By M. Scott Carter
Though the minimum wage remains at $7.25 per hour for most Oklahomans, several tribal nations pay more or have boosted their entry-level wage above the federal level, a move that could cause the Oklahoma Legislature to take another look at the issue.
The wage boosts have occurred over the past few years, even as state lawmakers were working on legislation to prevent minimum wage increases. This spring, the legislature passed Senate Bill 1023, by state Sen. Dan Newberry, R-Tulsa. The bill prevents any city or town from establishing a minimum wage. Gov. Mary Fallin signed SB 1023 on April 14.
Even so, several Oklahoma Indian tribes – exempt from the state law because of their sovereign nature – have raised their minimum pay.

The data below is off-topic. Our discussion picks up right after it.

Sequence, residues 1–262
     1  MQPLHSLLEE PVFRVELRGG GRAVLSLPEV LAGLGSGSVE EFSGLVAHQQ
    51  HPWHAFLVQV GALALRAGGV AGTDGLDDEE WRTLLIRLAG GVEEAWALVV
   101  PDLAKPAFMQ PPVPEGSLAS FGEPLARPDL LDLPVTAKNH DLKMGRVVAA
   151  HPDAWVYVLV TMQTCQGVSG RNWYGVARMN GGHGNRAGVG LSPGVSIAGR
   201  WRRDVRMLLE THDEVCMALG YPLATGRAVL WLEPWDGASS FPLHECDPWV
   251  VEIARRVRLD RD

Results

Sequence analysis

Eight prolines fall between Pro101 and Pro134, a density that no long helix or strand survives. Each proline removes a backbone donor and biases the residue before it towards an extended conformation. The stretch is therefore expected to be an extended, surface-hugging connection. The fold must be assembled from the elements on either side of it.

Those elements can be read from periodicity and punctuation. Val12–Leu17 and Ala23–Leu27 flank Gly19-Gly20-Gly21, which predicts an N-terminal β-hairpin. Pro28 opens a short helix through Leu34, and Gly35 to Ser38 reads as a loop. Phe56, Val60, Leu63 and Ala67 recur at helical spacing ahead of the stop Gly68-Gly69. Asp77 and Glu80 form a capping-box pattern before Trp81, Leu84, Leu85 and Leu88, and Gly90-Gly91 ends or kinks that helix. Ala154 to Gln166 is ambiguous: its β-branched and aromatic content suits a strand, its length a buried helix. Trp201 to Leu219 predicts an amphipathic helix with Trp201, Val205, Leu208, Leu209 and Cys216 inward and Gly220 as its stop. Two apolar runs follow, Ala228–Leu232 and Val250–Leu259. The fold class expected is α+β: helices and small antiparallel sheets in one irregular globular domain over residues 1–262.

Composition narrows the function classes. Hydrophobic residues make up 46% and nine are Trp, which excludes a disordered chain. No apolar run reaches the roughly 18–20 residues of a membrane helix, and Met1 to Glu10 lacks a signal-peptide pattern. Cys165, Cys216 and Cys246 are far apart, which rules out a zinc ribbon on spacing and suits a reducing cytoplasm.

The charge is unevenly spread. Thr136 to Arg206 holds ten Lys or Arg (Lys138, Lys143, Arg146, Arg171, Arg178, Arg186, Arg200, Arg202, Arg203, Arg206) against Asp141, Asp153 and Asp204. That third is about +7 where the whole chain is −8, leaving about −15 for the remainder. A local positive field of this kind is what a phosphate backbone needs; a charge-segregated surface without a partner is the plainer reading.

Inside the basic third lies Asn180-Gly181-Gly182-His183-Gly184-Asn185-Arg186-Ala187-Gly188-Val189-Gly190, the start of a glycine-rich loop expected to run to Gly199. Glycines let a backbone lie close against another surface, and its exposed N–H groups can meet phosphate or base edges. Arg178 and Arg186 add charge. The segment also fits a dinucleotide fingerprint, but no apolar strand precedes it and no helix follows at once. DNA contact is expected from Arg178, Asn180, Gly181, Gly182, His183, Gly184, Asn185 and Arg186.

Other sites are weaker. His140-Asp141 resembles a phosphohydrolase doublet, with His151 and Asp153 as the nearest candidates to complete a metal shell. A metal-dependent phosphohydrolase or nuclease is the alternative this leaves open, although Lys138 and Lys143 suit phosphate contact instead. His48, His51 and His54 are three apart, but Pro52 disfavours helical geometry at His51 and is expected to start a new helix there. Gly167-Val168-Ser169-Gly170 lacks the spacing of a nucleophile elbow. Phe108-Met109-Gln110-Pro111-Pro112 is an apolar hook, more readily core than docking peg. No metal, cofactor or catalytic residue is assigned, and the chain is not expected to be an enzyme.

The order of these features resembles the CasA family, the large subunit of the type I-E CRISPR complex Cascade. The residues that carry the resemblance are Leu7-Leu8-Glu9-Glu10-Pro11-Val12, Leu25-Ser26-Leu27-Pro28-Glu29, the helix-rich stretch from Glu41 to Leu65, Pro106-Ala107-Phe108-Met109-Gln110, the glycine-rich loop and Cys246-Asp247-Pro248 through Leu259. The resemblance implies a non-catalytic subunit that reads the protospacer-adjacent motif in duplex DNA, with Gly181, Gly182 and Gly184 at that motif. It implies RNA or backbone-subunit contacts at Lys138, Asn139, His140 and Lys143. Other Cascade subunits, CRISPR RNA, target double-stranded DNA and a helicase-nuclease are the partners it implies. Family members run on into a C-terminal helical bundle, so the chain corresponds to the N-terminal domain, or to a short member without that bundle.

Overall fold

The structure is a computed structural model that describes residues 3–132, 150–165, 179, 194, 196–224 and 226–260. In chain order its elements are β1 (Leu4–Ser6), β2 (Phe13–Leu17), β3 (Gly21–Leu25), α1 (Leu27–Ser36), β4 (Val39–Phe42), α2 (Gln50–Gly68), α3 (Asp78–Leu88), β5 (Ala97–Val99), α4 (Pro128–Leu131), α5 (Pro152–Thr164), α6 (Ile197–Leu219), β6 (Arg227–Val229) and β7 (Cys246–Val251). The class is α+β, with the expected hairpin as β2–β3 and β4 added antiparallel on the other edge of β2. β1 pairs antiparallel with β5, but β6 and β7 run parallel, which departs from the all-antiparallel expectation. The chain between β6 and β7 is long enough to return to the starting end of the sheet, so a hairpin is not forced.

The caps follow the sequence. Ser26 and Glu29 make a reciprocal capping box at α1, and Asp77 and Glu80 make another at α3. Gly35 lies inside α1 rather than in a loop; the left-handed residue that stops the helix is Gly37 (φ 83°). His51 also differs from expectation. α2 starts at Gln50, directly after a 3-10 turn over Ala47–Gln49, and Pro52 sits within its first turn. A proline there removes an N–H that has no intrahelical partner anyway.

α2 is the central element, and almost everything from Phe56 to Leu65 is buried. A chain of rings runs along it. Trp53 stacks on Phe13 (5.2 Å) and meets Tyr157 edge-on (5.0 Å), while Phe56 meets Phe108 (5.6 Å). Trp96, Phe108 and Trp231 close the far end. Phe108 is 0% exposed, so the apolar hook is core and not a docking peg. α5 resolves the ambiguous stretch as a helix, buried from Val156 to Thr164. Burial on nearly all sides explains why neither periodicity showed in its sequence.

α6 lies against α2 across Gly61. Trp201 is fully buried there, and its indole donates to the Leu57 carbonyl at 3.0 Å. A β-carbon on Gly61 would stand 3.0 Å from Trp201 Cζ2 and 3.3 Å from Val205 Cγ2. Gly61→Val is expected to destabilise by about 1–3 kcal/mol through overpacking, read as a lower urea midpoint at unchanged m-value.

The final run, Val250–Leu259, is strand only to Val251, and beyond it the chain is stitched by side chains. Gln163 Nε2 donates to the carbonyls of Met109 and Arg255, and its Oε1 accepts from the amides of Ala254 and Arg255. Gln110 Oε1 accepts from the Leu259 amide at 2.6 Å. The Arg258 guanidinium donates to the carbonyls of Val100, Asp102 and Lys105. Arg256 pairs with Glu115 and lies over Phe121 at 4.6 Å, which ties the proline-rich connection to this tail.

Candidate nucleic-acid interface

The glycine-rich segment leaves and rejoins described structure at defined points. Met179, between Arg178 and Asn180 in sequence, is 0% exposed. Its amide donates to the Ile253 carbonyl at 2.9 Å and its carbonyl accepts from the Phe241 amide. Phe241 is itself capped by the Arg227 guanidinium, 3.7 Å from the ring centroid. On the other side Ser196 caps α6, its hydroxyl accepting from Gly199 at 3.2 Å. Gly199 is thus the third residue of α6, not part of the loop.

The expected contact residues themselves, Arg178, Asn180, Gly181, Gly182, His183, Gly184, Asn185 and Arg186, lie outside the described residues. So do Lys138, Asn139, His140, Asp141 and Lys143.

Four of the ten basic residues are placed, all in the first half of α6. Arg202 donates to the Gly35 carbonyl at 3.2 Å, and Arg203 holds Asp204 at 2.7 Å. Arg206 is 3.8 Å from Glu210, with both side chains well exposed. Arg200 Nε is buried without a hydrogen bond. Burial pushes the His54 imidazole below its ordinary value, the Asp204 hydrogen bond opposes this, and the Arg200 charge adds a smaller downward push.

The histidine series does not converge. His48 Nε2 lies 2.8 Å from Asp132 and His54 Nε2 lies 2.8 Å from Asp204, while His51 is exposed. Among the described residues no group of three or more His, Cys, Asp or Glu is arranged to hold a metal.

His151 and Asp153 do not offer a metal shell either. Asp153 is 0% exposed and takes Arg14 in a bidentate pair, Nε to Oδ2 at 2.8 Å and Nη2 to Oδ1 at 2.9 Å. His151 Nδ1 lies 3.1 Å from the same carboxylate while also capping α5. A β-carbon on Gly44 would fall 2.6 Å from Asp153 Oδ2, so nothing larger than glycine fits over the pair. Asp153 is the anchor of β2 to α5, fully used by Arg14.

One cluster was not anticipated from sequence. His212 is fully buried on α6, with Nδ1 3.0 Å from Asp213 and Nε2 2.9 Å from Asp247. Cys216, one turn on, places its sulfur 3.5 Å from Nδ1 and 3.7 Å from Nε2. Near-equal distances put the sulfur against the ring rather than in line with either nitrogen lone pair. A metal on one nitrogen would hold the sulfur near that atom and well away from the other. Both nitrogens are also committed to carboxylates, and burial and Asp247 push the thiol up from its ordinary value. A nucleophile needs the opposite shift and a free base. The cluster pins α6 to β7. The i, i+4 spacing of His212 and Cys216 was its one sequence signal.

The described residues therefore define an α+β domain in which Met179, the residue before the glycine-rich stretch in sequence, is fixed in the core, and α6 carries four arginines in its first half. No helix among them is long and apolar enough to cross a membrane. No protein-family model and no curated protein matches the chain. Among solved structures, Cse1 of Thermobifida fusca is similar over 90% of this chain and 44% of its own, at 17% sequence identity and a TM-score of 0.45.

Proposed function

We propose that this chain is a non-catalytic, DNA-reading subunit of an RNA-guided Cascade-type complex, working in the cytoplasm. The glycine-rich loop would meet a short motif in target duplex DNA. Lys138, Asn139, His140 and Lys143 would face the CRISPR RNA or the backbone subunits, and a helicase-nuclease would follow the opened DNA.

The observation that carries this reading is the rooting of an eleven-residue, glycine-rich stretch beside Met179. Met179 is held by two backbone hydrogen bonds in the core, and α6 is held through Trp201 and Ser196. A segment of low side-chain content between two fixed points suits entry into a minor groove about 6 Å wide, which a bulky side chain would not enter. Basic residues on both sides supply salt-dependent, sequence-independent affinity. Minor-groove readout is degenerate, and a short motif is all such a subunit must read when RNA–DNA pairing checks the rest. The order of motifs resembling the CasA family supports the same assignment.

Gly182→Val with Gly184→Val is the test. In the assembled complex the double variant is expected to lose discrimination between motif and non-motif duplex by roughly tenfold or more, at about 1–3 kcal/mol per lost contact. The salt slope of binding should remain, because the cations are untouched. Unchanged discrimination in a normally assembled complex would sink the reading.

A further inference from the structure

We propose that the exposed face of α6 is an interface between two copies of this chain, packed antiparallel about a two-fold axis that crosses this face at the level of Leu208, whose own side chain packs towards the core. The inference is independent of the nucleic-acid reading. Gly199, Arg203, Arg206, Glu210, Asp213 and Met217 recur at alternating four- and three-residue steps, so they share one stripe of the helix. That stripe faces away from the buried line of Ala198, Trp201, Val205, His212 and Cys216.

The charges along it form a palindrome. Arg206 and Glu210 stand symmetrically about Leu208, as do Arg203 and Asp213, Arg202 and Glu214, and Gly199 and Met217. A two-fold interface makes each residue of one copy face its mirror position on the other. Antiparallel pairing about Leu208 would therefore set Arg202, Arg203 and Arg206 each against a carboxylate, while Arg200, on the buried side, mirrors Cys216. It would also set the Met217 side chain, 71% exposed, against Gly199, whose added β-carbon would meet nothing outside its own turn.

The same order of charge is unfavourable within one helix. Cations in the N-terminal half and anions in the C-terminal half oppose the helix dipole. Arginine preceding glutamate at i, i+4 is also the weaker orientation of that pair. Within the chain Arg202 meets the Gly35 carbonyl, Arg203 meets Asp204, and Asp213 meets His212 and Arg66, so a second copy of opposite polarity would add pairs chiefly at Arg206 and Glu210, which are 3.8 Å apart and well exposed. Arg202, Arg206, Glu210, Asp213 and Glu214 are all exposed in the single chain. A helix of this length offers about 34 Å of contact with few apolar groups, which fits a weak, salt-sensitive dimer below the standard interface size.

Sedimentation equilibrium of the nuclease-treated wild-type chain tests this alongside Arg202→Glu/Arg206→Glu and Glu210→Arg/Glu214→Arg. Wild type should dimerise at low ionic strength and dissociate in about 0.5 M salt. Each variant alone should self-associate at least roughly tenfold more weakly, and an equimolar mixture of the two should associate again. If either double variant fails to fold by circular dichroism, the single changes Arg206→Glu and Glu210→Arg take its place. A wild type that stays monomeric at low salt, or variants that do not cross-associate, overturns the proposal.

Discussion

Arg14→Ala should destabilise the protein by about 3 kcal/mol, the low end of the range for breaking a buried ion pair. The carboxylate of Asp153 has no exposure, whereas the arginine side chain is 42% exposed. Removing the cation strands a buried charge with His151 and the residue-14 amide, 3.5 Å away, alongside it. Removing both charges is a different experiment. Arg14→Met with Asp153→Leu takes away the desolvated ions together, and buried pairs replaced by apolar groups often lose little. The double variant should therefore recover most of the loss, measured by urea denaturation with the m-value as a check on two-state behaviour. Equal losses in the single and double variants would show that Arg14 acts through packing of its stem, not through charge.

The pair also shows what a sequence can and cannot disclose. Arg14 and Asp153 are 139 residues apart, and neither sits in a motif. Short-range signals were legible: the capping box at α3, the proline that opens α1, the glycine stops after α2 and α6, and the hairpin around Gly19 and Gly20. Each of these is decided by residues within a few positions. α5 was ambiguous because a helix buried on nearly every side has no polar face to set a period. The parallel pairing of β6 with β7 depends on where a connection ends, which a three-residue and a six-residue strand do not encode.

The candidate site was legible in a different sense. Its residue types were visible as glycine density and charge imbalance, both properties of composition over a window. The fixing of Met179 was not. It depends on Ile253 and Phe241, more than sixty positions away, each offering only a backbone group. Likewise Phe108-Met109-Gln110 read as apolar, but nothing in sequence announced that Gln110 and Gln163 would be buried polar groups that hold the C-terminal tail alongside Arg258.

An analysis by Oklahoma Watch shows that at least five of Oklahoma’s 39 federally recognized tribes — including the state’s largest tribe, the Cherokee Nation–have minimum wage levels that go far above the federal standard of $7.25 per hour.
In February, the Cherokee Nation announced it was increasing its minimum wage to $9.50 per hour. Principal Chief Bill John Baker said the increase would apply to all 8,000 of the nation’s employees.
Previously the tribe’s minimum wage was $9 per hour.
In a media statement, Baker said the increase would…
Finish reading Oklahoma Tribes Pushing Minimum Wage Higher